Some coronavirus vaccines were rendered ineffective at the state's Jones Beach drive-in site Feb. 15 after a staffer added a hand warmer to a cooler carrying syringes — and now anyone who got those doses must return for re-vaccination, according to a spokesman for the governor.
Those shots constituted 81 of the 1,379 doses administered Feb. 15 at Jones Beach, according to state Health Department spokeswoman Jill Montag.
The staffer had been transporting syringes that afternoon from an on-site pharmacy to tents where the vaccinations are administered, said Jack Sterne, the spokesman for Gov. Andrew M. Cuomo. When the staffer noticed the temperature reading on his cooler was nearing an unacceptable low, he added the hand warmer — which isn't protocol — to warm up doses, Sterne said.
In an email, Montag said "there was no health risk" for those receiving the ineffective shots, and the appointments are to be rescheduled.
Sterne said the state has increased staff training since the mishap, which was the first known instance of ineffective doses being administered at state sites. The sites began operating Jan. 13.
But it has occasionally happened elsewhere.
Earlier this month, residents at five Ohio nursing homes were told they needed to be revaccinated after Walgreens, whose pharmacists administered the shots, discovered that the doses might not have been stored at the right temperature. And about a week earlier, about 1,000 people in Sweden were given doses that had been kept at the wrong temperature during transport.
The Pfizer vaccine, which must be thawed from an ultracold freezer, is prepared in a mixture and placed into syringes. Once that is completed, the shot can be left at room temperature, between 35 degrees and 77 degrees, for up to 6 hours, according to the U.S. Centers for Disease Control and Prevention.
When rescheduling the Jones Beach appointments, Sterne said, the state is giving priority to the 81 affected people, but won’t cancel existing appointments to make room. State representatives have reached all 81 by phone, or left them voice messages, and those who got vaccinated at Jones Beach Feb. 15 but were unaffected would get notification emails, he said.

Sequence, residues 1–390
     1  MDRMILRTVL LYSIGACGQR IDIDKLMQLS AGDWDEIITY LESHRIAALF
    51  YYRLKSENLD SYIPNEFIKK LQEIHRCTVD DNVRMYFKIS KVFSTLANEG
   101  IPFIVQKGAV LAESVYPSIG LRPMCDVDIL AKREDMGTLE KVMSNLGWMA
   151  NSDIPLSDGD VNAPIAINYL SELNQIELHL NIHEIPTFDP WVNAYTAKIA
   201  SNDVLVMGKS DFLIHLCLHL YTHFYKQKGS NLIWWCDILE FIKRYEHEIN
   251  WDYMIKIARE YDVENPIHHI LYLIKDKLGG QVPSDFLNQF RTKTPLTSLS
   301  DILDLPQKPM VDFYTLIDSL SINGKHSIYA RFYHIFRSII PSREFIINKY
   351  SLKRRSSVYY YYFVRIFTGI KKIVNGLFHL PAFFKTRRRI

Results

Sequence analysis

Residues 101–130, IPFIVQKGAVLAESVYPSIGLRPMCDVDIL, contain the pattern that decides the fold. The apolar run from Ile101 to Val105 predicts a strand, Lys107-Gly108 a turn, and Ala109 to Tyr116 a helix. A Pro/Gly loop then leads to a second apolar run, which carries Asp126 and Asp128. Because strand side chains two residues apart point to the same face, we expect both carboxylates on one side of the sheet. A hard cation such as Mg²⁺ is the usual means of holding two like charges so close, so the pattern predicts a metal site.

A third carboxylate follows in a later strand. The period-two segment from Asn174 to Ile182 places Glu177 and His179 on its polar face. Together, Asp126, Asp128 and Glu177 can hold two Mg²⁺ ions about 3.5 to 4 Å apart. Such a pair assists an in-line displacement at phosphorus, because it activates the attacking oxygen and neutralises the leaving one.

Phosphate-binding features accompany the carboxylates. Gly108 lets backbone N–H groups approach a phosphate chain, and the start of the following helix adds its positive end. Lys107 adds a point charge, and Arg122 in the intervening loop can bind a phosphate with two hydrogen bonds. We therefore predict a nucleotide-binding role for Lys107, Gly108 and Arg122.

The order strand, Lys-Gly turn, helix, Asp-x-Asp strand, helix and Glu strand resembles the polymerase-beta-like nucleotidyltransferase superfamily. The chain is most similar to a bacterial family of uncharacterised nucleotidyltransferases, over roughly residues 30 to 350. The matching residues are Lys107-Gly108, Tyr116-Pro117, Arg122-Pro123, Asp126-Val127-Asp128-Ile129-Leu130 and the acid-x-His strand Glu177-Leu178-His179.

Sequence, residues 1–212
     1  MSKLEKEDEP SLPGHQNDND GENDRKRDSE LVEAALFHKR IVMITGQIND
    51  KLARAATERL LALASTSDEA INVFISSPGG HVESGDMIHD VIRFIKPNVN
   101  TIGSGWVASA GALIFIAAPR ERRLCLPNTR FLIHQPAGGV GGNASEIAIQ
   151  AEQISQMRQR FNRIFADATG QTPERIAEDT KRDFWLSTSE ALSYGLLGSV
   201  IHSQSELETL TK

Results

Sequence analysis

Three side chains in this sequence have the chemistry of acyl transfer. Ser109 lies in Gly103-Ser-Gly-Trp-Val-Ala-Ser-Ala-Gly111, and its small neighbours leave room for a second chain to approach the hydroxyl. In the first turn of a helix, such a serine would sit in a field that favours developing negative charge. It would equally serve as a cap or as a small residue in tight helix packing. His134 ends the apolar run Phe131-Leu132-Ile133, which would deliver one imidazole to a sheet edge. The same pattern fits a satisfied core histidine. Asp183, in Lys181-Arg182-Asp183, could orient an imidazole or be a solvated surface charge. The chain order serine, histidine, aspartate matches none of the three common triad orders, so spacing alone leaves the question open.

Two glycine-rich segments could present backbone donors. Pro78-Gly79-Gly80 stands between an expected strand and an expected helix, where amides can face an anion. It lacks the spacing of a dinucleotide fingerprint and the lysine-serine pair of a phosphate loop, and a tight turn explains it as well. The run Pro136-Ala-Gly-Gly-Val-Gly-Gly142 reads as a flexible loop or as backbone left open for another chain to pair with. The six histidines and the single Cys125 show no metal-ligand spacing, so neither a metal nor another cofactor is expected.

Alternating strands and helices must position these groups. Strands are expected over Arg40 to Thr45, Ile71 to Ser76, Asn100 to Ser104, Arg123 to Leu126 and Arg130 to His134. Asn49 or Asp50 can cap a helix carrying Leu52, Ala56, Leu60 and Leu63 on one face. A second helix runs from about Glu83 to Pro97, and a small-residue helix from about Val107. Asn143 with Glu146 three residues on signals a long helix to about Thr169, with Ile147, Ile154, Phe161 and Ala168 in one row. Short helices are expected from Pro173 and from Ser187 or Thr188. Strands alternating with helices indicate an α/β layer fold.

At a news conference Monday afternoon with Cuomo, Health Commissioner Dr. Howard Zucker, said: "You know, this vaccine is very sensitive to temperature ranges. We knew exactly who it was. We have contacted them. They will get revaccinated. This is the whole benefit of having a great checks-and-balances system in place, so we were able to identify this, and appropriately intervene."
Neither Sterne nor Montag said when the error was discovered.
Asked whether receiving the shot when it is too warm poses a danger to the patient, Dr. Leonard R. Krilov, chairman of pediatrics and chief of pediatric infectious diseases at NYU Langone-Long Island, said in an email: "A warmed-up vaccine shouldn’t be dangerous but could lower the effectiveness of the vaccine."
And what about receiving more than two doses? Krilov said there is no clear answer, but he cited experience with other vaccines, such as for measles, when there is uncertainty about the handling or storage: "The precedent in those cases is to give an extra dose. In general, an extra dose would not be expected to be harmful although the person might have more local reactions from an extra dose."
The two coronavirus vaccines approved in the United States — by pharmaceutical companies Pfizer-BioNTech and Moderna — require extra cold storage. The state sites use only Pfizer-BioNTech vaccines, Sterne said.
Each company's vaccine is administered in two doses, weeks apart, but the contents don't change between a first and second shot. The 81 shots were split between first and second appointments, with slightly more first appointments, Sterne said.
Since the Jones Beach site opened, tens of thousands of vaccines have been administered there, with over 3 million statewide, Montag said.
A worker who answered the phone Monday afternoon at the state's vaccine line, 833-NYS-4-VAX, said that she and her colleagues know only what's been reported in the news media about the ineffective doses.
"The only thing we have right now is what they say on the news," she said, adding: "People have been calling, and then we pull up the news, and then we know it was real what people were saying."
With Bart Jones
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